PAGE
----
In a UN report summarizing the viewpoints of three stakeholders on the human rights situation in St. Lucia, the USI notes that
the law clearly states that for the purposes of prosecution, gross indecency will not apply to private acts between a consenting male and female adult. As a result, the law criminalizes private acts between male consenting adults. (UN 10 Nov. 2010, para. 11)
The advocacy group adds that "buggery specifically criminalizes male homosexual conduct" and states that "the social effect of these two laws strengthens social stigma and discrimination against homosexuals" (ibid.).
In response to the US recommendation that St. Lucia "condemn" human rights violations and acts of violence against persons based on their sexual orientation, as well as provide "adequate" protection to LGBT activists (UN 11 Mar. 2011, para. 89.97), St. Lucia indicated that it accepted the recommendation and pointed out that the government already condemns all "forms of violence" against "all persons" (St. Lucia 1 June 2011, para. 89.97). It also said that there are no "known cases" of violence against human rights defenders in St. Lucia (ibid.).
The policy consultant indicated that LGBT individuals who wish to report a crime that is unrelated to LGBT issues believe the police will perceive them as criminals because of the laws in place (Senior Policy Consultant 6 Oct. 2011). He also said that LGBT persons who do report abuse to the police end up being ridiculed and their case is treated as "insignificant" or "not important" (ibid.). As a result of such "police homophobia," "a lot" of LGBT cases remain unsolved (ibid.). The way to get "any help" is to have "social or political connections" (ibid.). However, the policy consultant also noted that although "being socially and economically privileged in St. Lucia moves some LGBT people away from abuse and violence," even privileged LGBT persons are not exempt in certain situations form being targets or victims because of their sexual orientation (ibid.).
St. Lucia was the only country in the Caribbean community to vote "no" in the UN General Assembly vote in December 2010 to re-include "sexual orientation" in the resolution condemning extra-judicial executions (ILGA 3 June 2011; USI et al. 6 Jan. 2011).
This Response was prepared after researching publicly accessible information currently available to the Research Directorate within time constraints. This Response is not, and does not purport to be, conclusive as to the merit of any particular claim for refugee protection. Please find below the list of sources consulted in researching this Information Request.
Freedom House. 2010. "Saint Lucia." Freedom in the World 2010.
International Lesbian, Gay, Bisexual, Trans and Intersex Association (ILGA). 3 June 2011. Patricia Curzi. "The Universal Periodic Review as a New UN Human Rights Tool for LGBTI Rights: Saint Lucia."
Saint Lucia. 1 June 2011. Report of the Working Group on the Universal Periodic Review: Saint Lucia. Addendum: Views on Conclusions and/or Recommendations, Voluntary Commitments and Replies Presented by the State Under Review. (A/HRC/17/6/Add.1)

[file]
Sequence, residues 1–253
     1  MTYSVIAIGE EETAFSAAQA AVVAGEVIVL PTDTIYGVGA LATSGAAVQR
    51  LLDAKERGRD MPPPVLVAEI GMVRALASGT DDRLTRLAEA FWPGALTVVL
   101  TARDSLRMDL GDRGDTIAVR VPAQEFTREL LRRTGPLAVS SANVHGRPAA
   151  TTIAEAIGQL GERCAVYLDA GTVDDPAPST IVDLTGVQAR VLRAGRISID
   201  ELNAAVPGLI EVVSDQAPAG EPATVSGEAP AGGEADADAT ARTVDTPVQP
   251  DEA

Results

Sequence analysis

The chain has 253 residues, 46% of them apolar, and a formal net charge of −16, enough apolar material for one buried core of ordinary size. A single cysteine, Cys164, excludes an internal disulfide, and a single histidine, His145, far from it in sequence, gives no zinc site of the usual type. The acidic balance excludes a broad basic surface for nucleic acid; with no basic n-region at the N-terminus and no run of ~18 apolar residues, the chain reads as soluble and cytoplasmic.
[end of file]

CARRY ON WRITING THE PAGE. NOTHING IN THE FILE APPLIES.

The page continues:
_____. 12 November 2010. National Report Submitted in Accordance with Paragraph 15(a) of the Annex to Human Rights Council Resolution 5/1: Saint Lucia. (A/HRC/WG.6/10/LCA/1)
Senior Policy Consultant. 6 October 2011. Telephone interview with the Research Directorate.
United and Strong Inc. (USI). 31 March 2011. "Putting an End to Discrimination." Published in The Voice.
United and Strong Inc. (USI), Marcus Day, Kenita Placide, Ashily Dior, Brendon O'Brien, Vidyaratha Kissoon, Nigel Mathlin, Caleb Orozco, Daryl Phillip, Victor Rollins, and Maurice Tomlinson. 6 January 2011. "Stand Up for Human Rights." Published in The Voice.
United Nations. 11 March 2011. Human Rights Council. Report of the Working Group on the Universal Periodic Review: Saint Lucia. (A/HCR/17/6)
_____. 10 November 2010. Summary Prepared by the Office of the High Commissioner for Human Rights in Accordance with Paragraph 15 (c) of the Annex to Human Rights Council Resolution 5/1: Saint Lucia. (A/HRC/WG.6/10/LCA/3)
United States (US). 8 April 2011. "Saint Lucia." Country Reports on Human Rights Practices for 2010.
Additional Sources Consulted
Oral sources: Representatives of Caribbean Vulnerable Communities and the International Gay and Lesbian Human Rights Commission were unable to provide information for this Response. Attempts to contact representatives of ARC International, the Caribbean Association for Feminist Research and Action, St. Lucia's ministries of Education and Culture and of Health and Labour Relations, as well as a professor at the University of Toronto, were unsuccessful. The advocacy group United and Strong Inc. was unable to provide information within the time constraints of this Response.
Internet sites, including: Ameco Press; Amnesty International; ARC International; Caribbean Association for Feminist Research and Action; Caribbean Media Corporation; Caribbean News.Net; Enkidu; European Country of Origin Information Network; Factiva; Institute for Gender and Development Studies (University of the West Indies); Inter Press Service; Milenio; Periodismohumano.com; PlanetOut.com; Saint Lucia - Government Information Service, Ministry of Education and Culture, Ministry of Health and Labour Relations; Slu One Stop; The Star; United Nations Integrated Regional Information Networks.